fall in a glass ::::
When Eat and I lived in Champaign, we frequented a restaurant called bacaro. It is here that I found my love for Campari and Prosecco apertifs, the prodigious use of black truffles, and ate foods that I had never heard of like speck, hen of the woods, or peekytoe crab. The stress of my intern year in residency was relieved by our frequenting the restaurant, often twice a weekend. Drenched in the trance dance music and shadows of low light, one of the bartenders usually gave me sample drinks to try, things that she had created not always on the menu. I fell in love with her cinnamon-apple pie drink and managed to have her make it for me even when out of season, long after Thanksgiving. It brings back memories of Midwestern autumns, the crispy air, the annual trek in the dreary weather at the apple orchard for bushels of apples and a few carving pumpkins, and the cozy spicy smell of cinnamon laced in sweaters after spending time baking or in friends’ homes with autumn-inspired scented candles. But more than anything, I can’t not think of bacaro when I hear trance music wafting from some nightclub, too hip for me these days, and when I see an apple cocktail on speakeasy-style bar menu.
I have never found another bartender so attentive to my drink desires as Libby. And I have never found anyone to recreate Libby’s apple drink. It was when I didn’t ask for one of her alcoholic creations one night when one of her colleagues was covering the bar, that they suspected something was wrong, or rather, that I was pregnant. I’m embarrassed to admit it was not family that we told first about Baby Peach gestating inside me, but a bartender.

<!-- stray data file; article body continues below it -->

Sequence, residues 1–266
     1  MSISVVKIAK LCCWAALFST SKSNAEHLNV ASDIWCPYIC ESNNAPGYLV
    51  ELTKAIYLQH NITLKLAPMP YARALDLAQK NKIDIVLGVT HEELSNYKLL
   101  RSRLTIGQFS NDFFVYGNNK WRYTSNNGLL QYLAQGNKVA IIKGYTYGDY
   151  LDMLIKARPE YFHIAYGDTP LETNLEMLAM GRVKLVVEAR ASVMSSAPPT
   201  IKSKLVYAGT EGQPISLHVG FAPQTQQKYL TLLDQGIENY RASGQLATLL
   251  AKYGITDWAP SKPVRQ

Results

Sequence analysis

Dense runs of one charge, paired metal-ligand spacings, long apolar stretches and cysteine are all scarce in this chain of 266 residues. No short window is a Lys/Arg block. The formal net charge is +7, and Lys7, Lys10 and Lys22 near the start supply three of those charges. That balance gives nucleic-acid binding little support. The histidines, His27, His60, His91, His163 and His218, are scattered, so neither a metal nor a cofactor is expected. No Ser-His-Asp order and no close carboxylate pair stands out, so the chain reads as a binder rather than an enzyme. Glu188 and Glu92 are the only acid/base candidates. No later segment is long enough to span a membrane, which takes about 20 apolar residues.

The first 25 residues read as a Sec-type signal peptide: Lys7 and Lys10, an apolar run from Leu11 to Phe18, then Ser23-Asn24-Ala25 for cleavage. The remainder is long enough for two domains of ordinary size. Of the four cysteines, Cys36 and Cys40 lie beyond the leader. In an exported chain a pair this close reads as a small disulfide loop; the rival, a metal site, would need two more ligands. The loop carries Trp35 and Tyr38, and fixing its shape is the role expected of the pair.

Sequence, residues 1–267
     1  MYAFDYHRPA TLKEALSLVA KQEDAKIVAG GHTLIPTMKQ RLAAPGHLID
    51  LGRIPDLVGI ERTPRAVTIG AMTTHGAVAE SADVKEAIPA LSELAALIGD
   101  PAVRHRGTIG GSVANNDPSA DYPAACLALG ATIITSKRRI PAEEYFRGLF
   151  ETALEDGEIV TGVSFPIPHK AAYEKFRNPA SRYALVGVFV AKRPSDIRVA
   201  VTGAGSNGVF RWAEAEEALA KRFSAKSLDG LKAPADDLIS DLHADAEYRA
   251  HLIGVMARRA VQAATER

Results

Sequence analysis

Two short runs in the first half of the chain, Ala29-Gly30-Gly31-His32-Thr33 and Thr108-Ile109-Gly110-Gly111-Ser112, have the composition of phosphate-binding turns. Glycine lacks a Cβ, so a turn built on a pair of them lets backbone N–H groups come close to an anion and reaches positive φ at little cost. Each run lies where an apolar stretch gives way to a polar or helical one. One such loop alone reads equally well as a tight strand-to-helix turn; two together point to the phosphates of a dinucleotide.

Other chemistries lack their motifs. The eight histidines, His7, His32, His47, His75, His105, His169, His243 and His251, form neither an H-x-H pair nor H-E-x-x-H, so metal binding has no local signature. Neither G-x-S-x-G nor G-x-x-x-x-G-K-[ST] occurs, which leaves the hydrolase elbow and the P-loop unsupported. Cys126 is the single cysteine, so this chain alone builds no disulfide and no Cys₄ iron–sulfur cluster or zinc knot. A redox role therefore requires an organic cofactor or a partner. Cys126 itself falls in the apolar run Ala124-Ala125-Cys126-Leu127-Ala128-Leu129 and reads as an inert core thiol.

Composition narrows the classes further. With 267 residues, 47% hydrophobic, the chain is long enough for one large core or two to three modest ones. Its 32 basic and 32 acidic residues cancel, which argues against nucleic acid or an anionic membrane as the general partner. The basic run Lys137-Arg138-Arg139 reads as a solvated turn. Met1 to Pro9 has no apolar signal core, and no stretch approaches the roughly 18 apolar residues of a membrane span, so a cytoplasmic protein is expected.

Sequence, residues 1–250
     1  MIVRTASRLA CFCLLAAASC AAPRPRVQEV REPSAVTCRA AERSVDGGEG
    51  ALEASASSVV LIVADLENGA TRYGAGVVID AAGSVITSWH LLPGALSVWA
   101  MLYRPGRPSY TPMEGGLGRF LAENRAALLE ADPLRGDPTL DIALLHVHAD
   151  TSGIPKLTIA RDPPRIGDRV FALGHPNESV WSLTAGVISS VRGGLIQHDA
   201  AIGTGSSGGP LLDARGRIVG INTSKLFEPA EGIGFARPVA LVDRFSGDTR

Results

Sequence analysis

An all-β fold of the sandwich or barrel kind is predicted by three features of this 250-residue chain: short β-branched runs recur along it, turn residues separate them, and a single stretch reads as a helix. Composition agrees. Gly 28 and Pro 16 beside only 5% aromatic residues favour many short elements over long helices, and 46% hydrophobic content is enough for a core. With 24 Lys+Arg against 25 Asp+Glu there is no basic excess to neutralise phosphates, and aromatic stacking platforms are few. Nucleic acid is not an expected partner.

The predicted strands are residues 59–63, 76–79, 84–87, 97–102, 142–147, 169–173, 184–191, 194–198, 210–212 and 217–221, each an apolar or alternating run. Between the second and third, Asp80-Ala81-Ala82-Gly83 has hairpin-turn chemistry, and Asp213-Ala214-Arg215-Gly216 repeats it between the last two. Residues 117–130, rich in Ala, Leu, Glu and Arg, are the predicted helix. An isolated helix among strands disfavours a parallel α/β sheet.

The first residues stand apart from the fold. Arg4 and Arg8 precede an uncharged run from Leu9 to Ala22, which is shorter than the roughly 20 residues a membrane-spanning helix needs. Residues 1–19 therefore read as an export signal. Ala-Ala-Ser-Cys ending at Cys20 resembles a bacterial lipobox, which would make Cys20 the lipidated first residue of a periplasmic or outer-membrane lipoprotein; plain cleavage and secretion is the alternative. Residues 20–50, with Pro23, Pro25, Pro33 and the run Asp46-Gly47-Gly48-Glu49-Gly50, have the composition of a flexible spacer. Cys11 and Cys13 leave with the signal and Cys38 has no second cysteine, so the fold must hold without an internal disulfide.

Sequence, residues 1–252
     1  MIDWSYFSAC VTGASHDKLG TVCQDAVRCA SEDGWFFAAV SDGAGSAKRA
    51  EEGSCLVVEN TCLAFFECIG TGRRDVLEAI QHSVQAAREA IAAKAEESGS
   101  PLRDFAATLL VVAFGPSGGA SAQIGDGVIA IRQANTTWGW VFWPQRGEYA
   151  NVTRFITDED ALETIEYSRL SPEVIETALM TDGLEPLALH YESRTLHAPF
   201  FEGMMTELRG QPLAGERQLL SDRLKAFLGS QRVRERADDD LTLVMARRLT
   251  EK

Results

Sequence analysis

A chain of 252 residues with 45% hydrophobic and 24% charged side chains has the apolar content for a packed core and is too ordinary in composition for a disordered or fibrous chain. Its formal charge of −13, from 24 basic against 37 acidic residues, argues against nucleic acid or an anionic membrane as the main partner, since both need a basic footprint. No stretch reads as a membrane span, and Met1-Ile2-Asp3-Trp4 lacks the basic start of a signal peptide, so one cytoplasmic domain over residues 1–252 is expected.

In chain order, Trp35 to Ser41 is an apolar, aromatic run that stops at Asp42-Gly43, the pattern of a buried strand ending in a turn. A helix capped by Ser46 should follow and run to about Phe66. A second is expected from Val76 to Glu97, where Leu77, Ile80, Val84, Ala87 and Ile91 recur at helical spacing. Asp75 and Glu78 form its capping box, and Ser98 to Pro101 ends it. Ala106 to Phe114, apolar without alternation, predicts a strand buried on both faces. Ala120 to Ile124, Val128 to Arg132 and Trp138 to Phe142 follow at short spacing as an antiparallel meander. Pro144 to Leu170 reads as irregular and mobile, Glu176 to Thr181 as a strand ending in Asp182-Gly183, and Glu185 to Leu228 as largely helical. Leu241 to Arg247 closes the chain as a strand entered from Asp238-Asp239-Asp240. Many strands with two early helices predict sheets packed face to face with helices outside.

My attempt here is not quite like Libby’s save for the cinnamon-sugar rim. Hers was a little more fizzy with a little orange Cointreau and apple-flavored Izzy; mine has amaretto and a splash of seltzer water. She served hers in a pretty martini glass; I go for the highball style glass. I’m sure if I went back to bacaro, my request for Libby’s drink would be lost on deaf ears. She has long since left the restaurant and didn’t hand over her recipe magic to others. I doubt, however, that I would be disappointed with anything the bacaro staff created for me to sample, with the benefit of some reminiscing to come along.
- 1 shot homemade sweet and sour mix (see my last post for the recipe)
- 1 shot amaretto
- 1 shot apple cider
- splash of seltzer water
- 1 tablespoon turbinado sugar mixed with ½ teaspoon cinnamon placed on a plate
- citrus wedge
- Use the citrus wedge to rim a glass. Dip the glass rim into the sugar-cinnamon mix.
- Mix sweet and sour mix, amaretto, and apple cider.
- Fill sugar-rimmed glass with ice (or chill mixture if you prefer not to water down the drink), and fill with amaretto mixture. Top with a splash of seltzer. Serve immediately.